Did you know that during the time Michael Vick was serving 1.5 years in prison for fighting dogs, Donté Stallworth of the Cleveland Browns hit and killed a pedestrian while driving drunk, yet only served 24 days in jail.
In July 2007, Vick and three other men were charged by federal authorities with felony charges of operating an unlawful interstate dog fighting venture known as “Bad Newz Kennels”. Vick was accused of financing the operation, directly participating in dog fights and executions, and personally handling thousands of dollars in related gambling activities. Federal prosecutors indicated they intended to proceed under the provisions of the Racketeer Influenced and Corrupt Organizations Act (RICO), a United States federal law that provides for extended criminal penalties and a civil cause of action for acts performed as part of an ongoing criminal organization.
By August 20, Vick and the other three co-defendants agreed to separate plea bargains for the federal charges. They were expected to each receive federal prison sentences of between 12 months and five years. Four days later, Vick filed plea documents with the federal court. He pleaded guilty to “Conspiracy to Travel in Interstate Commerce in Aid of Unlawful Activities and to Sponsor a Dog in an Animal Fighting Venture”. He admitted to providing most of the financing for the operation and to participating directly in several dog fights in Virginia, Maryland, North Carolina and South Carolina. He admitted to sharing in the proceeds from these dog fights. He further admitted that he knew his colleagues killed several dogs who did not perform well. He admitted to being involved in the destruction of 6–8 dogs, by hanging or drowning. The “victimization and killing of pit bulls” was considered an aggravating circumstance, allowing prosecutors to exceed the federal sentencing guidelines for the charge. Vick denied placing any side bets on the dogfights. On August 27, U.S. District Judge Henry E. Hudson accepted Vick’s guilty plea, but reminded Vick that he (Hudson) was under no obligation to accept the prosecution’s recommendation of a reduced sentence.
While free on bail, Vick tested positive for marijuana in a random drug test. This was a violation of the conditions of his release while awaiting sentencing in federal court. Vick’s positive urine sample was submitted on September 13, 2007, according to a document filed by a federal probation officer on September 26. As a result, Hudson ordered Vick confined to his Hampton, Virginia home between 10 p.m. and 6 a.m. with electronic monitoring until his court hearing date in December. He was ordered to submit to random drug testing.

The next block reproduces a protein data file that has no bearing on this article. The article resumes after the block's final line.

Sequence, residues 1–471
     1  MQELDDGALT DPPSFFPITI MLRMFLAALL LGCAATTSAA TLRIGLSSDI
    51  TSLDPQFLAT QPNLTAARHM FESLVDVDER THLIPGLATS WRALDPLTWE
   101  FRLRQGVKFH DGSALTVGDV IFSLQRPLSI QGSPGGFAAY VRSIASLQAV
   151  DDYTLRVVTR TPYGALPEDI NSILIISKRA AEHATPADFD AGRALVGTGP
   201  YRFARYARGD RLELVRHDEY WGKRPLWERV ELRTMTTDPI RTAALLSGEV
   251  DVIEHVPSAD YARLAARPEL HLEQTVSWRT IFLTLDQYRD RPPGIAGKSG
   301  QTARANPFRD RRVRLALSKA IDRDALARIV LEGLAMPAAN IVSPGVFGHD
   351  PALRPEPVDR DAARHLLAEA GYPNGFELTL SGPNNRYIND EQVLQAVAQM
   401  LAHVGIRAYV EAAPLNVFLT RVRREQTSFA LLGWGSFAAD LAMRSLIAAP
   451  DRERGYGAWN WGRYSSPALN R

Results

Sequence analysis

In November, Vick turned himself in early to begin accruing time-served credit against his likely federal prison sentence. He was held at Northern Neck Regional Jail in Warsaw, Virginia awaiting sentencing on the federal convictions. On December 10, Vick appeared in U.S. District Court in Richmond for sentencing. Judge Hudson said he was “convinced that it was not a momentary lack of judgment” on Vick’s part, and that Vick was a “full partner” in the dog fighting ring, and he was sentenced to serve 23 months in federal prison. Hudson noted that despite Vick’s claim to have accepted responsibility for his actions, his failure to cooperate fully with federal officials, coupled with a failed drug test and a failed polygraph, showed that he had not taken full responsibility for “promoting, funding and facilitating this cruel and inhumane sporting activity”. Vick was assigned to United States Penitentiary, Leavenworth, a federal prison facility in Leavenworth, Kansas, to serve his sentence.
At the request of federal authorities before sentencing, Vick agreed to deposit nearly $1 million in an escrow account with attorneys for use to reimburse costs of caring for the confiscated dogs, most of which were being offered for adoption on a selective basis under supervision of a court-appointed specialist. Experts said some of the animals would require special care for the rest of their lives. During his bankruptcy trial, the U.S. Department of Labor complained that these funds were paid at least partially with unlawfully withdrawn monies that Vick held in trust for himself and eight other employees of MV7, a celebrity marketing company he owned